Zimbardo, Lewis and Donne

I’ve been reading Philip Zimbardo’s – The Lucifer Effect, which is proving to be very difficult to read. Someone described it as a ‘transformative text‘ and I completely agree with that sentiment. It’s impossible to read without reflecting deeply about oneself. From what I’ve read so far If I had to distill Zimbardo’s book into a single sentence it would be that situation plays a bigger part in determining evil or heroic behaviour than any innate disposition.

That sounds so simple and yet it’s so very complex. I intend to write a review of the book when I’m finished but for now I’ve been reflecting on some material that Zimbardo points to. The first is “The Inner Ring” by C.S. Lewis, which from what I can gather was a Memorial Lecture at King’s College, University of London, in 1944.

In it Lewis describes one such situational imperative that can drive people to make abhorrent decisions. Many Organisations (all?) have groups of people who are more powerful or influential than others. This is true whether the organisation is a company or a less formalised social group. These so called “rings” admit some people and exclude others. The desire to be inside, to gain acceptance and approval, can be a powerful motivational force for some people, and conversely this desire can be used by those on the inside to manipulate those seeking admission. As Lewis himself describes:

I believe that in all men's lives at certain periods, and in many 
men's lives at all periods between infancy and extreme old age, 
one of the most dominant elements is the desire to be inside the 
local Ring and the terror of being left outside ... Of all the passions 
the passion for the Inner Ring is most skilfull in making a man who 
is not yet a very bad man do very bad things.

We have to recognise, individually, that we are all susceptible to such forces, they are after all a part of the human condition. The problem is many of us aren’t willing to acknowledge this, as Zimbardo points out, our unfounded pride takes precedence over what should be the humility to recognise that we are all vulnerable to such situational forces. In his book Zimbardo recalls John Donne‘s Mediations (27), as a wonderfully eloquent reflection on our common interrelatedness and interdependence, which I think is absolutely key to guarding our hearts and minds against such behavior:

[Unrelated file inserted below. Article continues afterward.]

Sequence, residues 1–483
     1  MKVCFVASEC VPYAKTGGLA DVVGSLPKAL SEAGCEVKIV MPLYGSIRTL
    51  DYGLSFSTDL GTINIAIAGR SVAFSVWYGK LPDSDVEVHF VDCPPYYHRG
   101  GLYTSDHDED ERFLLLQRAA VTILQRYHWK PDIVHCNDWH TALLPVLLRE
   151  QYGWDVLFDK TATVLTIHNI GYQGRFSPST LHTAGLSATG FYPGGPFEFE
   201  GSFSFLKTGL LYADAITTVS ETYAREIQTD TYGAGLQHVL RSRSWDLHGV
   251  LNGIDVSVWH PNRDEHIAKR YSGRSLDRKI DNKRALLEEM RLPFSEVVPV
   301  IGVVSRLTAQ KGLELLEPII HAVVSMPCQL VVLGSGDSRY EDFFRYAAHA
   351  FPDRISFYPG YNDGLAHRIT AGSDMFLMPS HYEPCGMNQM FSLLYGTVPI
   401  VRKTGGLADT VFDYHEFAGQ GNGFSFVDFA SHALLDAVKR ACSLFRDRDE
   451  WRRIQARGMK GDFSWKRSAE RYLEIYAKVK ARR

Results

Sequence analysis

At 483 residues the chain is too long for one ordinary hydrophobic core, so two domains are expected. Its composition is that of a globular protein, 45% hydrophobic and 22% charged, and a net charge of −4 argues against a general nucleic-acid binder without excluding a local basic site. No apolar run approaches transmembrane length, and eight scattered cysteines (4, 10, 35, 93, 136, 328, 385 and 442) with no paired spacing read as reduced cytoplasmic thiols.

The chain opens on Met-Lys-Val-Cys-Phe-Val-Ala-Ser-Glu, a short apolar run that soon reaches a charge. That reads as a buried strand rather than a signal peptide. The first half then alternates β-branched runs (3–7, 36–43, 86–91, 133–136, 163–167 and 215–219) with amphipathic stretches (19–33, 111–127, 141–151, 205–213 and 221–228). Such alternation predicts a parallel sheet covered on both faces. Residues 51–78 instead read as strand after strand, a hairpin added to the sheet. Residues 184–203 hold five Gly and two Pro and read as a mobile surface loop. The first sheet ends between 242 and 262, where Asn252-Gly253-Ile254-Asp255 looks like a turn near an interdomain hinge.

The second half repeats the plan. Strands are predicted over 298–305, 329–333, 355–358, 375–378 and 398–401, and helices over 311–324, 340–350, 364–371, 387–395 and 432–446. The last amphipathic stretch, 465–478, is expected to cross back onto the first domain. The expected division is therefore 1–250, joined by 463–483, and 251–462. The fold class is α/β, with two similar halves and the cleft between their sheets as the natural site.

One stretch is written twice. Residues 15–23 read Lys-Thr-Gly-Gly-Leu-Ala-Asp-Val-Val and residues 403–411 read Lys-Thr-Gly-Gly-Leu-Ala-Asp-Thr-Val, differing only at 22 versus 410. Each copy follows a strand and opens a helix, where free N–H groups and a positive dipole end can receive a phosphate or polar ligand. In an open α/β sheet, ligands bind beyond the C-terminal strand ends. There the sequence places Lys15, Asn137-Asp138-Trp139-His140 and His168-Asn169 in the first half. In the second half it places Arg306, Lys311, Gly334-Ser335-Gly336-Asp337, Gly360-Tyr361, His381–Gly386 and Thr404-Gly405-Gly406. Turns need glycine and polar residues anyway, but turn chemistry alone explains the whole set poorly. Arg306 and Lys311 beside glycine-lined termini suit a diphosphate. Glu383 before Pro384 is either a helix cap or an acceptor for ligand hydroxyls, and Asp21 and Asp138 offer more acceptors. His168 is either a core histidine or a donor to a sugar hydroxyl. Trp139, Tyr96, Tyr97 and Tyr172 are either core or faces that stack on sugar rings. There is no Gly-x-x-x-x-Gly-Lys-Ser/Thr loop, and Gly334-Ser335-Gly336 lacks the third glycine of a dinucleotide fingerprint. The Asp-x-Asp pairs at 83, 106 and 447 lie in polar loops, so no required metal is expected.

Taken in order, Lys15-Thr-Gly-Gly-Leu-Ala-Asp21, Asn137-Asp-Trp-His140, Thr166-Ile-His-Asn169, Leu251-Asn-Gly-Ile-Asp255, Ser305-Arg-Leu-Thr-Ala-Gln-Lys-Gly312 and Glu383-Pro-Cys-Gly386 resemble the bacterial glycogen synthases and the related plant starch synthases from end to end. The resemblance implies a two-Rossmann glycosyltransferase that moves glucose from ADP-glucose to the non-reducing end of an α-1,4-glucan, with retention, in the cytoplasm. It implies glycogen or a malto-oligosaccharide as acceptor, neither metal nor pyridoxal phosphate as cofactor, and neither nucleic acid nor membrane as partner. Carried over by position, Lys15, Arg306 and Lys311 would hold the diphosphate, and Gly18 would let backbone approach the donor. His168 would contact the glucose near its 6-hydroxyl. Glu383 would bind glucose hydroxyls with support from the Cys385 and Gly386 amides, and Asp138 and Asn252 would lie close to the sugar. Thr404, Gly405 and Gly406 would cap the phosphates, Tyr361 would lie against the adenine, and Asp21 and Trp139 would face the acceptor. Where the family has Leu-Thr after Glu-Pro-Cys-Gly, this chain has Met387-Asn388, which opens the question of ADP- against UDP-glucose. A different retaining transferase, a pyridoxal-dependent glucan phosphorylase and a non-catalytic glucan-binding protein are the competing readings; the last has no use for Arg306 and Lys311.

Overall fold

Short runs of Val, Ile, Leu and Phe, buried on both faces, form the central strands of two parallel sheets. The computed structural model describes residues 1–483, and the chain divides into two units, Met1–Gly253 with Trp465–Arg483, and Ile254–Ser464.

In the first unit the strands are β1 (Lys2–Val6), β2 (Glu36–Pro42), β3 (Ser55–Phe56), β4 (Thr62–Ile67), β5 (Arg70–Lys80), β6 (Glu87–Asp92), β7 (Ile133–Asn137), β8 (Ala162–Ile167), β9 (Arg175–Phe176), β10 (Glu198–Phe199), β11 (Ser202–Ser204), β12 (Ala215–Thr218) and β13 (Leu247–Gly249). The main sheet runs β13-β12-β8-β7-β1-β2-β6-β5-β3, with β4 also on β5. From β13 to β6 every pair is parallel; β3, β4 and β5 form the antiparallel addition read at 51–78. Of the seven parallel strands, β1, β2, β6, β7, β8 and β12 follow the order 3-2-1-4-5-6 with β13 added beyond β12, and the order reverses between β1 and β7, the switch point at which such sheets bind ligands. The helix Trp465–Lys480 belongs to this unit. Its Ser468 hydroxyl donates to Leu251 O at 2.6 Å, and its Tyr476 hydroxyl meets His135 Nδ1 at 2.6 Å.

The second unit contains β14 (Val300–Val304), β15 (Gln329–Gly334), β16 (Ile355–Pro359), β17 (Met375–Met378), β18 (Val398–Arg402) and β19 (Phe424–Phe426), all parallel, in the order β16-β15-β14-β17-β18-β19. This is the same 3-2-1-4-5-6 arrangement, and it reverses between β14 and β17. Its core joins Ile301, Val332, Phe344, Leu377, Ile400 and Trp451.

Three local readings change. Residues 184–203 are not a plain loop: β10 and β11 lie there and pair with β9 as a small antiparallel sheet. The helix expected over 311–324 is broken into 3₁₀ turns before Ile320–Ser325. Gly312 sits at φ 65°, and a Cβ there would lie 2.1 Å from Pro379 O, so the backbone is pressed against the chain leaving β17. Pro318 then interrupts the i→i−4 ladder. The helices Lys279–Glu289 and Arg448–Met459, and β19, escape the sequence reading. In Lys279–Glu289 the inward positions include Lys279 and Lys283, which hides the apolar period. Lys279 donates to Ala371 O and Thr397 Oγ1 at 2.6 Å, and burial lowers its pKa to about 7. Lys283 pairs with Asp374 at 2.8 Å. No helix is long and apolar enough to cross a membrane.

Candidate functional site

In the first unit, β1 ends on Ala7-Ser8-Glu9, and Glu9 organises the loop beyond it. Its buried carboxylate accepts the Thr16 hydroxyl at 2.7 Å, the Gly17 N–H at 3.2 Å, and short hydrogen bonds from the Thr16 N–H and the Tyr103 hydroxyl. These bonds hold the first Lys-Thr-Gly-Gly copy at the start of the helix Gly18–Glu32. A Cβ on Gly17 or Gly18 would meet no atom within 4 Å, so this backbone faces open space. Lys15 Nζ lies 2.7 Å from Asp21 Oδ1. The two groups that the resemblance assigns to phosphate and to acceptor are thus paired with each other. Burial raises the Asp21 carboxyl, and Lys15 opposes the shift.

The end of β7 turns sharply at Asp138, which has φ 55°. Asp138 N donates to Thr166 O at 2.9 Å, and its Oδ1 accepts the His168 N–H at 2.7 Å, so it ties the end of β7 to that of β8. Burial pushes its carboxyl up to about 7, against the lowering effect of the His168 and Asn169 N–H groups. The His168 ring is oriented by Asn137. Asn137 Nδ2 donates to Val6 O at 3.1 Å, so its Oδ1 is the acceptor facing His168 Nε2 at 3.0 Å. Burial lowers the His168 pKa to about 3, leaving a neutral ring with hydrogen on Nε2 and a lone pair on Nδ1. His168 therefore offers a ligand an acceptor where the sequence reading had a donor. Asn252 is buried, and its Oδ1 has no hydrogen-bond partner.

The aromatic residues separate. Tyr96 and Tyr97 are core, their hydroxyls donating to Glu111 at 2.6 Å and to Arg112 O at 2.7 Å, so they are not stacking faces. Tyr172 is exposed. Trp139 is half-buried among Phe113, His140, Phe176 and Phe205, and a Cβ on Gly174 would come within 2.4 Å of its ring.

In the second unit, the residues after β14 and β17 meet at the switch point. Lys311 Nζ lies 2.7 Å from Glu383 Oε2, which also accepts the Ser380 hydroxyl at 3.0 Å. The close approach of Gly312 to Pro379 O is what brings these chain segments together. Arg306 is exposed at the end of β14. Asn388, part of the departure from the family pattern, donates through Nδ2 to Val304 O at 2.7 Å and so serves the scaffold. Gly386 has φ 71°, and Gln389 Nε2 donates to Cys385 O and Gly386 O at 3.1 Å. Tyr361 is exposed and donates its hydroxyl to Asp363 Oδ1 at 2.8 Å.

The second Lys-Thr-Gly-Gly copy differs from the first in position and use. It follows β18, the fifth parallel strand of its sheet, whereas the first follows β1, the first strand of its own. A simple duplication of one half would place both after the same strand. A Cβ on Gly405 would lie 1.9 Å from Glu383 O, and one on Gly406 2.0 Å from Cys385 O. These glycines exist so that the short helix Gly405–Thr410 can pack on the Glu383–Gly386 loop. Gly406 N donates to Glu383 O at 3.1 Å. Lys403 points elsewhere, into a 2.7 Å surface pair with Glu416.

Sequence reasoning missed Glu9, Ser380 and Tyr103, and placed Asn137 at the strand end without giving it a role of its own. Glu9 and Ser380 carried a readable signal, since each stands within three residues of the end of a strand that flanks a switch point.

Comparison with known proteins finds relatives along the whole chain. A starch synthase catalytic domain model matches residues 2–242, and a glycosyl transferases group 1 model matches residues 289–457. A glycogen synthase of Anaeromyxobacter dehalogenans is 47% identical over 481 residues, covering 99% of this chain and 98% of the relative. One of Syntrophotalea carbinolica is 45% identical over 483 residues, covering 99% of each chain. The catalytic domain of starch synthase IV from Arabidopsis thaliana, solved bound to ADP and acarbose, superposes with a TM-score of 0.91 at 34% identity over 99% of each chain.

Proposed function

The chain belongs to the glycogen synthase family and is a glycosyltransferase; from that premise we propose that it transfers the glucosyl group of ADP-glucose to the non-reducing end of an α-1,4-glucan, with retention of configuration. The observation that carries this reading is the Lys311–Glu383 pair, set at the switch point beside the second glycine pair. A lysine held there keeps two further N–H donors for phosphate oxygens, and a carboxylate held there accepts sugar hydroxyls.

All mankind is of one author, and is one volume; when one man dies, 
one chapter is not torn out of the book, but translated into a better 
language; and every chapter must be so translated...As therefore the
bell that rings to a sermon, calls not upon the preacher only, but 
upon the congregation to come: so this bell calls us all: but how much
more me, who am brought so near the door by this sickness....
No man is an island, entire of itself...any man's death diminishes me, 
because I am involved in mankind; and therefore never send to know
for whom the bell tolls; it tolls for thee

Zimbardo’s book is proving to be a challenge on many different levels. The graphic nature of some of the experiments he describes, as well as some of the atrocities he has researched is painfully disturbing to read. Man’s lack of humanity is central to Zimbardo’s thesis, and on that subject I can’t help but smile ruefully thinking that Tennessee Williams was probably right when he wrote:

We're all of us guinea pigs in the laboratory of God. 
Humanity is just a work in progress

I’d love to hear anyone else views on the book or the subject, I’m learning a great deal as I read it but I’d welcome anyone else insight. So please leave a comment or get in touch.